Here are a few passing thoughts that never quite achieved blog entry status:
I’m turning into a political junkie. I really can’t get enough now. The combination of the presidential primaries, early polls, and the immediacy and volume of news and commentary in the blogosphere is turning into a serious addiction. But, anyway, the turnout for the Democratic primary in Utah probably isn’t good news for Bush, as Utah voter Blake Sarlow pointed out (Yahoo link may not work):
Officials printed 5,000 extra ballots in Salt Lake City to accommodate the demand. “Three blocks from Temple Square and there’s a giant line of Democrats,” said Blake Sarlow, waiting to vote. “It’s the craziest thing.”
I watched Catherine Hardwicke’s Thirteen (IMDB) last night. I was rather impressed by the film’s clear-eyed treatment of teen partying and sexuality, but found the formal technique of gradually washing out the film’s colors until it was virtually monochromatic to be not only distracting but also heavy-handed. Quite honestly, at first I thought something was wrong with my television. Still, the screenplay, co-written by the film’s supporting actress, Nikki Reed, was rather sharp, and performances by Evan Rachel Wood and Holly Hunter were very good. Looks like Steve Shaviro and I disagree about the formal elements, although I’d agree with him that the quick camera movements added to the film. I’d also agree that the film seems too moralistic for my tastes. One other question about the film: Doesn’t it seem strange that the film sets us up to condemn teen sex and that the girls generally have sex with black men? Is the taboo against representing interracial sex in Hollywood being used here as a way to communicate the dangers of having sex as a teenager?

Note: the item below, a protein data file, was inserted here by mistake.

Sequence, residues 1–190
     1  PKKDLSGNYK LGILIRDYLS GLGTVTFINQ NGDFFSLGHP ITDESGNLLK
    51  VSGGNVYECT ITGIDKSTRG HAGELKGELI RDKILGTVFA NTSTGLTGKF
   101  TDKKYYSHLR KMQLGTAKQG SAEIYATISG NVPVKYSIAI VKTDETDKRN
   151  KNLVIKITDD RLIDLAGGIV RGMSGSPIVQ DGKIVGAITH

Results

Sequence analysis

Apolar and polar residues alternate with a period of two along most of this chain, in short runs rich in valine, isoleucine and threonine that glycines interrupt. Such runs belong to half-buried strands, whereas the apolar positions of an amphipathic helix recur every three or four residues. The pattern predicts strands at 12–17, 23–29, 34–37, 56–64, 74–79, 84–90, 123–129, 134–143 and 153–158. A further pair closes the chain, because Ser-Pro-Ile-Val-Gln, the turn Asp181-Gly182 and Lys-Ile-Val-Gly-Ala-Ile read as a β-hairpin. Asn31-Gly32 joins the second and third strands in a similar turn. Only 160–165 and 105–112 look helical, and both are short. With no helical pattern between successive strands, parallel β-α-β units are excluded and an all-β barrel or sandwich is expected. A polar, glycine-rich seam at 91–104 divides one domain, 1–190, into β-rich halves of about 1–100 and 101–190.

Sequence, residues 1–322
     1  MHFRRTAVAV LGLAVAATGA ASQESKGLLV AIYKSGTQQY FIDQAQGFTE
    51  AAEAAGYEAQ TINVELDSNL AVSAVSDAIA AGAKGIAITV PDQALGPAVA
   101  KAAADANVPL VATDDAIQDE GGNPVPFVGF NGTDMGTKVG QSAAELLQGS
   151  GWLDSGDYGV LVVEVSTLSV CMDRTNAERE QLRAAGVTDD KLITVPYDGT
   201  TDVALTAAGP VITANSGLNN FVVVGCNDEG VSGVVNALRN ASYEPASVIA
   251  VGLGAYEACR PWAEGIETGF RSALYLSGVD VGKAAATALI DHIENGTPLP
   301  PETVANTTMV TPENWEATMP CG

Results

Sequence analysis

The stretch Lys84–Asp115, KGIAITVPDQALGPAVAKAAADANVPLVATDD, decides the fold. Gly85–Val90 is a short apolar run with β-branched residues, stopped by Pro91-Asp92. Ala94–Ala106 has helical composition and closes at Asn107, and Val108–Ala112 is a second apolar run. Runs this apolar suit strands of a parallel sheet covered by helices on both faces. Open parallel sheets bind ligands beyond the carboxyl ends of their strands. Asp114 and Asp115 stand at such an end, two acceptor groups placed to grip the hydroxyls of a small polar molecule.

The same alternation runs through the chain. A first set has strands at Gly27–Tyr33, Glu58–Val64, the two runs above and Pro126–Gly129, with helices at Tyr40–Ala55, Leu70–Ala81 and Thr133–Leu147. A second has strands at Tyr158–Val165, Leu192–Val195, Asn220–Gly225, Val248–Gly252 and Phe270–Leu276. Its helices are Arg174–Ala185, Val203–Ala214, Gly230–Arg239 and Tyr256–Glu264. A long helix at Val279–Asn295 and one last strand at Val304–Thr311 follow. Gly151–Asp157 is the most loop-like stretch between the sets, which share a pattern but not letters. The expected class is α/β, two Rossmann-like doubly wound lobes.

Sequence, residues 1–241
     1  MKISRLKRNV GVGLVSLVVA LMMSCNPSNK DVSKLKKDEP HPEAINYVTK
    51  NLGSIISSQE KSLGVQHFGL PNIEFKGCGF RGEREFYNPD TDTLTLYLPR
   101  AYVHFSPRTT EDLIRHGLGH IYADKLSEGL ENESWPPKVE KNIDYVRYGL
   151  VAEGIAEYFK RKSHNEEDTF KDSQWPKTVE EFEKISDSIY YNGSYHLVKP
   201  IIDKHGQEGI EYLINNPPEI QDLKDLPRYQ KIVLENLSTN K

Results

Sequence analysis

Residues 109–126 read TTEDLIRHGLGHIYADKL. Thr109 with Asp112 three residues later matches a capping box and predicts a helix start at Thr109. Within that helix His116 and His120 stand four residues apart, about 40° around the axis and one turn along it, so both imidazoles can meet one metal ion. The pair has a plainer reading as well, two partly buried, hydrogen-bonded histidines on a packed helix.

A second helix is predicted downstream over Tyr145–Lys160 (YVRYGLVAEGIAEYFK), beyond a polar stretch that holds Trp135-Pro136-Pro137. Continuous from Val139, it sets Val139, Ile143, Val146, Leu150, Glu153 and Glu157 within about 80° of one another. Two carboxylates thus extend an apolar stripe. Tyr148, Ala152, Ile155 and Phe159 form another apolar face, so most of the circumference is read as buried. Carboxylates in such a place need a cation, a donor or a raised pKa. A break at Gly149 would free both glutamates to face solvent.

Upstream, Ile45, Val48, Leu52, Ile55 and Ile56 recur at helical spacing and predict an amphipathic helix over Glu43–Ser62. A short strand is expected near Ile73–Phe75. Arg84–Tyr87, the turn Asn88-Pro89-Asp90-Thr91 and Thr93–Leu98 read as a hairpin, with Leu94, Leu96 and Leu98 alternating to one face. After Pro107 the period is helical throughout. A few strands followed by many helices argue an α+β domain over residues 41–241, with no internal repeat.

I’ve been reading Barbara Ehrenreich’s Nickel and Dimed for a potential paper on teaching globalization via representations of work, and it’s an intriguing book. Her descriptions of working for Wal-Mart certainly remind me of my experiences working for Home Depot when I was a graduate student at Georgia State. I know the book has been criticized because Ehrenreich is essentially a “tourist,” and to a certain extent, I was, too. I knew that eventually I’d leave the Depot for a PhD program, which allowed me to protect myself emotionally from that life, but the book absolutely opens up some questions about the difficulties of getting by on near-minimum-wage pay. In a sense, I think the work that Ehrenreich discusses is actually beyond description, that low-wage service work cannot really be represented adequately. This goes beyond the simple distinction between an object and its referent to me; it’s something more visceral, physical, emotional, mental, psychological. Even with my distancing techniques, when I stepped into a Home Depot, I became a different person. When I heard an interview conducted at a Home Depot while watching TV at home, I immediately felt myself falling into a bad mood, just from hearing the atmospheric sounds on my TV.